Yes, I’m angry, but that doesn’t make me illogical: On victim-blaming
Today – when I should have been looking for a house to rent for my new job – I read an article in the Guardian by Rhiannon Lucy Cosslett on the subject of victim blaming. It was provocatively titled “Have accusations of rape victim blaming gone too far?”. As you can imagine, it didn’t put me in the best mood to read what followed, so what you’re getting here is a heavily re-written piece of blogging.
The kernel of this piece was Cosslett’s feeling that, when women internalise rape myths and victim-blame themselves, it is wrong to respond with anger, because anger at rape myths can read as anger at traumatized women who’ve bought into them. I was angry when I read this piece, and so – like the nice, well-brought-up feminist that I am – I tried to put myself in Cosslett’s shoes.
Why are rape myths so insidious, so attractive, that women like Cosslett cling to them even when (as she says of herself), they know they are myths? Is it more than their simple prevalence in our culture – is there some reason why they continue to appeal?
Immediately, I thought of one of the most ‘appealing’ narratives of victim-blaming ever written, a narrative that was one of the most popular novels of its day. In 1740, Samuel Richardson published the novel Pamela. This novel features a virtuous female servant who is the constant target of her wicked employer’s sexual advances. He imprisons her, tries to rape her, intercepts her mail and gaslights her. Eventually, propelled into true love by sheer sexual frustration, he marries her, and they live happily ever after. Ish.
It’s an unpleasant story, but there’s more to it than that. Richardson’s novel recounts Pamela’s experience of the attempted rape in her own voice, despite the fact that the character claims to be in a swoon. This is a bit of clunky writing on Richardson’s part: it requires the narrator to be both aware of her surroundings, and simultaneously, unconscious. Richardson’s contemporary, Henry Fielding, latched onto this unfortunate narrative style and made it central to his spoof, published a year later and titled Shamela. Fielding re-imagines the scene with Pamela/Shamela cynically pretending to swoon while enjoying the sensation of her employer groping her body. His reworking turns what was a male author’s artistic failure of plausibility into a female heroine’s active and deliberate duplicity.
This spoof is extremely clever, because it exploits one of the most irritating features about Richardson’s original heroine: the fact that she has almost no agency of her own, almost no will to take charge of her own narrative. Fielding neatly sidesteps the fact that, if Pamela had screamed and shouted, it’s highly unlikely she could have prevented her employer from doing what he did. And so, he gives her the only agency she can possibly have in this scenario: the agency of welcoming (indeed orchestrating) the sexual assault she supposedly ‘suffers’.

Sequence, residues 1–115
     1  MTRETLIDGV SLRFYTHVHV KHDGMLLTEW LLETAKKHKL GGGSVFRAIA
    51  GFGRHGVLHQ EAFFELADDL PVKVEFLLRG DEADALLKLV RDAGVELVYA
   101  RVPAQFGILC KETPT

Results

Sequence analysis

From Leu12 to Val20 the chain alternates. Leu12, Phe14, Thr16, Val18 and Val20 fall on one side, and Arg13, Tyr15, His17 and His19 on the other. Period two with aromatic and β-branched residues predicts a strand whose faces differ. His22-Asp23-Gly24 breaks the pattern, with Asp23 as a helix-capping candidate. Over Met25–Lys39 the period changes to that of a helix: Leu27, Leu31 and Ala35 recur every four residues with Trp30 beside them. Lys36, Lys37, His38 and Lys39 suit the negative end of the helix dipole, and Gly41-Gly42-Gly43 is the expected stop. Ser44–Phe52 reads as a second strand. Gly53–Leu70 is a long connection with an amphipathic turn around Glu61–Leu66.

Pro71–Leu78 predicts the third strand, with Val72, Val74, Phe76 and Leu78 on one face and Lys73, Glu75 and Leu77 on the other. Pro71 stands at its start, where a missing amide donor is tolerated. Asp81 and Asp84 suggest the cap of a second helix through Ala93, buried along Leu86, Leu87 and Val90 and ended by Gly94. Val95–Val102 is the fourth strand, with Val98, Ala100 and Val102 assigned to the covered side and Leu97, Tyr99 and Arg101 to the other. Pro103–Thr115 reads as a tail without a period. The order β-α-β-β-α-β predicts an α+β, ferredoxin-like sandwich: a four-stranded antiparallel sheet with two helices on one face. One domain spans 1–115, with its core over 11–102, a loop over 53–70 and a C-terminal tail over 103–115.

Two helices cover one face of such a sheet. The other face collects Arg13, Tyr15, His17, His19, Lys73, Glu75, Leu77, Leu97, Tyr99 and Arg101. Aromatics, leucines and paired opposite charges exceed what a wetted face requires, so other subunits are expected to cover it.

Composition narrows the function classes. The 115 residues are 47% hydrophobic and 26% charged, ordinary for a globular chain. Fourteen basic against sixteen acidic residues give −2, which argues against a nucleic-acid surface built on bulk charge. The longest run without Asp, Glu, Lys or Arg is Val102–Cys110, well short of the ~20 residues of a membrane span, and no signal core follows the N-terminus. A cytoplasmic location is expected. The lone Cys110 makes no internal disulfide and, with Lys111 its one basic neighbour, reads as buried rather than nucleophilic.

This pattern is the same pattern that animates victim-blaming narratives, and both are kinds of fiction, modes of retelling a story over and over. Not all victim-blaming narratives require women to welcome sexual assault, but they all capitalise on the same possibility of narrative agency. If only you had done something differently, you would have changed your own story. Victim-blaming narratives hold their appeal because they offer the (fake) promise of control over the narrative.
This measured analysis of the appeal of victim-blaming narratives wasn’t my first response, and it’s not my whole response. My first response was pretty furious, and that’s because Cosselett doesn’t just buy into victim blaming stereotypes – she buys into, and exploits, a whole host of other anti-feminist stereotypes while she’s doing it.
Now, I reckon my reasons for objecting to rape myths and victim blaming are pretty coherent. To publish rape myths in a National newspaper (as Cosslett did) is to give them credibility, and to perpetuate the idea that rape is someone other than the rapist’s fault. We can see the very clear, disturbing and worsening implications of victim-blaming in the recent news that, as of now, your chances of getting a rape case to court are the lowest since records began.
In addition, there’s a backlash against women reporting rapes, which is reliant on the myth that men should not take full responsibility for their actions. We’ve seen it from the rapist Ched Evans, serving a jail sentence, is welcome back into his old job at Sheffield United. We’ve seen it from Julian Assange, who’s been hiding out so he doesn’t have to face rape charges (as you do when you’ve a mature and compassionate attitude to legal process, right?) and from Ma’lik Richmond, returned to his old position in the Steubenville football team. Gee, guess Paul Callan of CNN was totally right that Richmond’s life was ‘destroyed’ by being, er, convicted of a crime he committed.